Yasuo Kuwahara

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Yasuo Kuwahara

Yasuo Kuwahara (桑原 康雄, Kuwahara Yasuo) (born December 12, 1946 in Kobe, Japan; died December 6, 2003) was a Japanese mandolin player and composer for mandolin orchestra.[1][2] He was chairman of various musical institutions and organizations, including the Nara National Women's College, the Kuwahara Mandolin Institute and the Japan Association of Music Exchange.[1] In addition, he taught composition and artistic mandolin.[2]

After completing his studies with Professor Kinuko Hiruma, he became well known in Japan for his musical solo performances on the mandolin and outstanding technique.[2] He made his European debut at a Zupfmusikfestival in Mannheim in 1982, and as a result, the European plucked-stringed orchestra circles became aware of him.[1] After his performance in 1983 in Providence, USA, Yasuo Kuwahara was also known in North America.[2] After that he won increasing worldwide recognition and fame for his playing and compositions, performing in his native Japan, as well as Italy, France, Germany, Switzerland, Sweden, Denmark, Spain, Austria, Belgium, Australia, Russia and the United States of America.[2] His compositions include works for the mandolin orchestra, as well as chamber ensembles and soloists.

Major works[edit]

Orchestral[edit]

  • Angels Move "籟動", Mandolin Concerto

Mandolin orchestra[edit]

  • Dance of Fire Festival
  • Beyond the Rainbow[3]
  • Song of the Japanese Autumn[4]
  • Novemberfest[4]
  • Railroad song[5]
  • Steamy Steaming[6]
  • Outward of Forest
  • Pear-shaped Dance
  • Within the Fence

Mandolin solo[edit]

  • Moon and Mountain Witch
  • Jongara
  • Winter Light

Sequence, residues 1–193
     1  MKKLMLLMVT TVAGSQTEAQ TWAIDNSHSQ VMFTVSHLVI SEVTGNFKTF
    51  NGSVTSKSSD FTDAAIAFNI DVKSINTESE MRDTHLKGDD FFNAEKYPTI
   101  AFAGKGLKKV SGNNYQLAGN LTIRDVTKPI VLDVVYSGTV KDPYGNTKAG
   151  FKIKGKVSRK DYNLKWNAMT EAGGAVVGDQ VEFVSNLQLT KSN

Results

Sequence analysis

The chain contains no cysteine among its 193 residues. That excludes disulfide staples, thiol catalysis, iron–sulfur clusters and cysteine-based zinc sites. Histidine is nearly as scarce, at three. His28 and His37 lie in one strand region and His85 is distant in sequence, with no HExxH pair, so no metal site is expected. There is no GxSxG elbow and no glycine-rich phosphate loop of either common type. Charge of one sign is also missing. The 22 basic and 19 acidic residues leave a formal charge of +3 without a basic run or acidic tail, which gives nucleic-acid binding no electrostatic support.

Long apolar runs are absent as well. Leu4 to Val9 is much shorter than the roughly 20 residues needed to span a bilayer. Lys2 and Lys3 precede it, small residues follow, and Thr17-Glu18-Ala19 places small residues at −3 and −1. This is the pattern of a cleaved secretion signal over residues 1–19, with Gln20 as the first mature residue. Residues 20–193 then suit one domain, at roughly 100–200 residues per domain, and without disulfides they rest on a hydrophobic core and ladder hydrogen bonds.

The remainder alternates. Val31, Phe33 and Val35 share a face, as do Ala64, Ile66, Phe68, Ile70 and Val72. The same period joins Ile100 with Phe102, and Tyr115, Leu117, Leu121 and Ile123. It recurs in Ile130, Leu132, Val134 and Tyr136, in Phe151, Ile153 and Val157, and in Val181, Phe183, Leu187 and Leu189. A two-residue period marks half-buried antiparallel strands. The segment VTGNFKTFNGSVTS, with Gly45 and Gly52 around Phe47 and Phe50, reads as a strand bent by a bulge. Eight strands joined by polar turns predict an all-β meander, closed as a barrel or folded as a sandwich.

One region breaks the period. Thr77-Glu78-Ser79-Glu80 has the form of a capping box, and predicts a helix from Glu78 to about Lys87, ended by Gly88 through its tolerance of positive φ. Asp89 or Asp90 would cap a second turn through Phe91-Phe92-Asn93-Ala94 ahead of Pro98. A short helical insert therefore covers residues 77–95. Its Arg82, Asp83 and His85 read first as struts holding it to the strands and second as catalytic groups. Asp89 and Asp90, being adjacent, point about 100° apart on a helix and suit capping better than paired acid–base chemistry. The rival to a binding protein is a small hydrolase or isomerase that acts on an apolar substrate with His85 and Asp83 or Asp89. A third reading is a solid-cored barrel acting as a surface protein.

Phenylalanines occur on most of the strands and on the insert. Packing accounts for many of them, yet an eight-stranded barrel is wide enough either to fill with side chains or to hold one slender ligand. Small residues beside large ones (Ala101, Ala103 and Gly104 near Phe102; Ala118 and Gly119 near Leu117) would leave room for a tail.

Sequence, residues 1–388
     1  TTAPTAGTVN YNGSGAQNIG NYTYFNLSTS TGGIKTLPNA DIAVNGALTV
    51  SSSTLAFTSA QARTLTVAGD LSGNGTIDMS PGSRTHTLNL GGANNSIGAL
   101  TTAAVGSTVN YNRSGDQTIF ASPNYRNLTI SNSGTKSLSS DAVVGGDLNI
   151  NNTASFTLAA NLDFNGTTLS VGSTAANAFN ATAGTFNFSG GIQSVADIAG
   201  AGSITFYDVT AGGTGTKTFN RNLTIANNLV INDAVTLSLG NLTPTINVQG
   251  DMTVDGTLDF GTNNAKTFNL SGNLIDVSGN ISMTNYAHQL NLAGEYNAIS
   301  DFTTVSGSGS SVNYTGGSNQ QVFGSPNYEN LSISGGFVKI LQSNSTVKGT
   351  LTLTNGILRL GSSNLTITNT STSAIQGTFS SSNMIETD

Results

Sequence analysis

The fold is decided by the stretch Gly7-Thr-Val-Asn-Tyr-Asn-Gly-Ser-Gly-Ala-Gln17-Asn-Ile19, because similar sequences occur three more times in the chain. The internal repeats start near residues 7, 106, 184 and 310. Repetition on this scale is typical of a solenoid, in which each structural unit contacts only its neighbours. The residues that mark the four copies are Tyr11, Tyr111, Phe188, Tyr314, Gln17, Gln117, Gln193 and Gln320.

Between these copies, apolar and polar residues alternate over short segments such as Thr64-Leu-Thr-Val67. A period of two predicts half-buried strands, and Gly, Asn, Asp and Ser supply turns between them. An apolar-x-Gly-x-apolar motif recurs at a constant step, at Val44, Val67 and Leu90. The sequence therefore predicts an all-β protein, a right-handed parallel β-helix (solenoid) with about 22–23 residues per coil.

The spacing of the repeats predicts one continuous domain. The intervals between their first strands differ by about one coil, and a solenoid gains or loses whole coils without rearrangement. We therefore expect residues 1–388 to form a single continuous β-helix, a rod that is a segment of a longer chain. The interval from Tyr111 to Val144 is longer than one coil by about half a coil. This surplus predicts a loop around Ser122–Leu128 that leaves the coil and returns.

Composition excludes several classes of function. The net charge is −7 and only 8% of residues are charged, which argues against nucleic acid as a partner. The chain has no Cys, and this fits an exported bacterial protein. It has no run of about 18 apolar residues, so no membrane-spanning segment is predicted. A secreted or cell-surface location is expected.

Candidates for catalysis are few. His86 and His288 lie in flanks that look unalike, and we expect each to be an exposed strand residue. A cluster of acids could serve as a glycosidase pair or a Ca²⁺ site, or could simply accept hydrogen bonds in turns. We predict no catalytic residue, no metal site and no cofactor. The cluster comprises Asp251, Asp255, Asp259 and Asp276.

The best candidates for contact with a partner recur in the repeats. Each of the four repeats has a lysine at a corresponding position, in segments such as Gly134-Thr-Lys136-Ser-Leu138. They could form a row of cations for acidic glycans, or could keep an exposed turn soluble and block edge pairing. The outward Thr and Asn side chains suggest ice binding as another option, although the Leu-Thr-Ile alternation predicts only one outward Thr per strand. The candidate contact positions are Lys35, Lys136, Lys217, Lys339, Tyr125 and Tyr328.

• Impromptu
  • Perpetual Motion
  • Silent Door
  • Improvised Poem

Compositions[edit]

Yasuo Kuwahara's expressive compositions tell stories in musical fashion.[1] The Song of Japanese Autumn describes the "struggle of peasants" in the early fall against the time when the autumn gales fall with heavy showers, and the stillness afterward when the weather calms down again at the end of the piece — all told musically with "accented rhythm", "agitated melody", tremolo and peaceful cadenza.[1]

Characteristic of Kuwahara's pieces are long traditional (for Japanese compositions) expressive tremolo passages, but he also weaved modern playing techniques into his compositions. This was taken to the extreme in his orchestral work Novemberfest, in which he integrated seven different mandolin-voice percussive effects. Instead of the mandolin's normal plucking-of-strings with a pick, or using tremolo, sound is made with fingers, knuckles or the plectrum knocked on different parts of the instrument. Yasuo Kuwahara was also known to use stylistic elements of contemporary music in his compositions, such as Minimal music.

Recordings of his compositions[edit]

  • Clicking Ecstasy by Mülheimer Zupforchester, Detlef Tewes conducting, 1998:[7]
Track 7, The Song of the Japanese Autumn: I. Andante
Track 8, The Song of the Japanese Autumn: II. Allegro non troppo
Track 9, The Song of the Japanese Autumn: III. Meno mosso
Track 10, The Song of the Japanese Autumn: IV. Allegro non troppo
Track 11, The Song of the Japanese Autumn: V. Andante

References[edit]

  1. ^ a b c d e "Guitar and mandolin orchestra, Samples – Yasuo Kuwahara". Guitar and Mandolin Chambre Orchestra Het Consort. Archived from the original on March 6, 2007. Retrieved October 10, 2015.
  2. ^ a b c d e "Mandolinist and Composer, Yasuo Kuwahara (1946–2003)". Ensemble Philmusica. April 2004. Archived from the original on October 29, 2013. Retrieved October 10, 2015.
  3. ^ BEYOND THE RAINBOW - Yasuo Kuwahara - Orkester Mandolina Ljubljana - dirigent Andrej Zupan [BEYOND THE RAINBOW - Yasuo Kuwahara - Orchestra Mandolina Ljubljana - conductor Andrej Zupan]. Orkester Mandolina Ljubljana (Trobenta Bas on Youtube). June 15, 2012. Retrieved October 17, 2015.
  4. ^ a b "Videografija". Orchestra Mandolina Ljubljana. Retrieved October 17, 2015. Novemberfest - Yasuo Kuwahara...Japonske jesenske pesmi / Soshu No Uta / Songs of Japanese Autumn - Yasuo Kuwahara
  5. ^ Yasuo Kuwahara Rail Road Song. Elena Zabavskaya (elenazabavskaya on Youtube). June 3, 2012. Retrieved October 17, 2015.
  6. ^ Yasuo Kuwahara, Steamy Steaming - OPG Ciudad de la Mancha (video). Jornadas de Plectro Y Guitarria de Segovia (cuerdapararato on Youtube).
  7. ^ "Clicking Ecstasy ~ Release by Mülheimer Zupforchester, Detlef Tewes". musicbrainz.org. Retrieved October 10, 2015.

See also[edit]